Contributed by Jeanne_Taylor
Description: The first man on an American war vessel to give his life ...Date: October 18 1917
Newspaper published in: Birmingham
"BIRMINGHAM MAN IS FIRST OF OUR ARMED FORCES TO DIE"
-Transcription of newspaper articles from the Thursday, October 18, 1917
Edition, Volume XXXXVII, Number 165, of The Birmingham Age-Herald.
The first man on an American war vessel to give his life in the fight
for world freedom [World War I) was a Birmingham man, Gunner's Mate OSMOND KELLY INGRAM, of the United States Navy. When a German torpedo struck the destroyer on which INGRAM was a gunner, he was blown overboard by the shock of the explosion, and his body was not recovered. The attack took place Tuesday in the war zone waters off England.
Late yesterday his aged mother, Mrs. Betty INGRAM of 504 Third Street, Pratt City, learned of her sacrifice. An Age-Herald reporter gave first news of INGRAM's death to the sailor's brother, Ben L. INGRAM of Pratt City. "I don't think she can stand it," said Ingram. "She is 60 years old." He called a physician, Dr. W. W. Horton, to accompany him to his mother's home, and together they broke the news to her as gently as they could. "My boy, my boy," Mrs. Ingram sobbed, and that was all she could say.
Every week since Osmond INGRAM went to sea last May he had written a letter to his mother. Every month he sent her $30 of his pay. Last May she had seen him, home on furlough. He had come home on the first of May, and on the second got a telegram summoning him back for service. Day before yesterday his brother, Ben, had sent him a package of 500 cigarettes. Last week there had been a card from him.
INGRAM was an old Navy man, and this was his second term of service. In 1903, when his mother moved here from Oneonta, Osmond, a boy just out of school, joined the Navy and served until 1908. Then he returned to Birmingham and for four years was a fireman at the Pratt City station of the fire department. In 1912 he joined the Navy again. "There never was a braver lad," said Chief McDonough of the Pratt City fire station. Everybody knew him in Pratt City, it seemed. Going out on the streetcar with The Age-Herald man who bore the news were three girls and two men who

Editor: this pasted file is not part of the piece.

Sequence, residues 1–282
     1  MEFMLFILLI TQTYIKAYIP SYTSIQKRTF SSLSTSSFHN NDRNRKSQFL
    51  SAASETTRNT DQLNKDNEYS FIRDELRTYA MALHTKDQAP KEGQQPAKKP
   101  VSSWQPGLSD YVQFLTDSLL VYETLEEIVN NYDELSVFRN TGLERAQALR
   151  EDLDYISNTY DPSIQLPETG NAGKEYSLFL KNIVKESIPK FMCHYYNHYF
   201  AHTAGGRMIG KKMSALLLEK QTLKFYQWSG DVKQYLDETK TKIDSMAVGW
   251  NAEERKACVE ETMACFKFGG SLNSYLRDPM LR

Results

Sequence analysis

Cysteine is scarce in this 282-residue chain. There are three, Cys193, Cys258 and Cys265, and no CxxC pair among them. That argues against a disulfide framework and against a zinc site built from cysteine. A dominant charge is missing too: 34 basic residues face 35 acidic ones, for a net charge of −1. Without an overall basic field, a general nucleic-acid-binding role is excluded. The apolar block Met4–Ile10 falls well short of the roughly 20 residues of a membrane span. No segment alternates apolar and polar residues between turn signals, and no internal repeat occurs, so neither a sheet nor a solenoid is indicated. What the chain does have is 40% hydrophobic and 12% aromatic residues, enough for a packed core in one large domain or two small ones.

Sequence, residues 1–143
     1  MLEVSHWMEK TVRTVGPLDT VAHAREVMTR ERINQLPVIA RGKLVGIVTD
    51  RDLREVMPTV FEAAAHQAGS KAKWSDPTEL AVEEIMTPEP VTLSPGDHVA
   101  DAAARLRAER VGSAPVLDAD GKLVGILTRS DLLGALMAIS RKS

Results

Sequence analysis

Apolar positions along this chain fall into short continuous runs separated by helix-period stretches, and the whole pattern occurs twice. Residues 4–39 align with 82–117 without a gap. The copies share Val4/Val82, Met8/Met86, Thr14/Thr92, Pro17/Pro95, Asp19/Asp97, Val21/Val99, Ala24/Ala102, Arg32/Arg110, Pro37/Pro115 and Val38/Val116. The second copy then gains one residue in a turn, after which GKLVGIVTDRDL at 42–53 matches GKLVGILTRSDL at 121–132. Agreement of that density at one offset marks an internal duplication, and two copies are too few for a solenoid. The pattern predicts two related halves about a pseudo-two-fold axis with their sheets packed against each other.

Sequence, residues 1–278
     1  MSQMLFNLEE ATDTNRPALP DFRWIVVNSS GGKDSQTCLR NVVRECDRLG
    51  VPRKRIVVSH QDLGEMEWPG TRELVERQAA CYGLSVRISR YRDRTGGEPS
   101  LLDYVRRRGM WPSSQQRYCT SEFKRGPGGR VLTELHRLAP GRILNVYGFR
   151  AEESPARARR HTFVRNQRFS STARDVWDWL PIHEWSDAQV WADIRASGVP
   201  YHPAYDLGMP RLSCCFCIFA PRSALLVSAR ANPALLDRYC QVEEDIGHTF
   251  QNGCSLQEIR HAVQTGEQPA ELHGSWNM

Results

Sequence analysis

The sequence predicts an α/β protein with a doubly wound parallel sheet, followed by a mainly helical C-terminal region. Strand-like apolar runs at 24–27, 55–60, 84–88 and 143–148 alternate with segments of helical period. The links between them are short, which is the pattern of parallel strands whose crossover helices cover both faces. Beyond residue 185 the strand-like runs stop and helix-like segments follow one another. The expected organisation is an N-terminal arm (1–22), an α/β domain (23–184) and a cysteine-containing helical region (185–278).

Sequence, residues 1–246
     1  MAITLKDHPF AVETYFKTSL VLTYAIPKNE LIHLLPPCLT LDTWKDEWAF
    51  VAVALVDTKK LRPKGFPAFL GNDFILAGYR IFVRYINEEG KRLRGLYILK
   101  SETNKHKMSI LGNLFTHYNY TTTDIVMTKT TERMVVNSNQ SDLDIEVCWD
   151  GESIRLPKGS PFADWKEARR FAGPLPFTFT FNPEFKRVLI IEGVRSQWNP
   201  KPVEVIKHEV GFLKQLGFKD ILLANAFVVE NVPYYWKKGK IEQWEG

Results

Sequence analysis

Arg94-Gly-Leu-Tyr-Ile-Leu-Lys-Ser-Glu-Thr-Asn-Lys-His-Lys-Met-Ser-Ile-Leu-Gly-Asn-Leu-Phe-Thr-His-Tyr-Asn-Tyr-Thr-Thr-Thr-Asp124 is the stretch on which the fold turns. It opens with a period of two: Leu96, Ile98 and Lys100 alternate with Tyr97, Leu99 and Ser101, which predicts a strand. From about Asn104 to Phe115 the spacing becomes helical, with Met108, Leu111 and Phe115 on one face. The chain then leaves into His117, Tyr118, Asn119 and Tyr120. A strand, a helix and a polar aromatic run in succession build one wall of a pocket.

knew him. The girls wept when they heard that INGRAM was dead.
Besides Ben L. INGRAM and his mother surviving him, there are two other brothers, Paul INGRAM of Pratt City, and Eugene INGRAM of Boyles.
Dr. Horton told last night how INGRAM, ordered discharged from the Navy for physical reasons, had insisted on going into service. "For several months he had been treated for rheumatism at a naval hospital in the east," said Dr. Horton. "He had been ordered discharged, but begged the surgeon to give him a chance to fight, now that he had served his country almost 10 years in peace times. The commander of his vessel particularly wanted INGRAM for his gun crews, and told him he would try to fix it. So when the regular surgeon went away on his vacation, the captain of the destroyer recommended his discharge to the surgeon in charge. It was then that INGRAM got a brief leave of absence in May. He
was called to arms after he had been here a day."
OSMOND KELLY INGRAM, aged 30, of Pratt City, killed in a submarine attack upon an American destroyer in war zone waters Tuesday, was the first man on an American war vessel to die in action. His death, reported yesterday by Admiral Sims in a cable to the Navy Department, is the first casualty of the war. There have been other deaths of gunners on armed merchant ships and men in hospital service in France, but INGRAM was the first of America's fighting forces to die in a clash of arms with the enemy.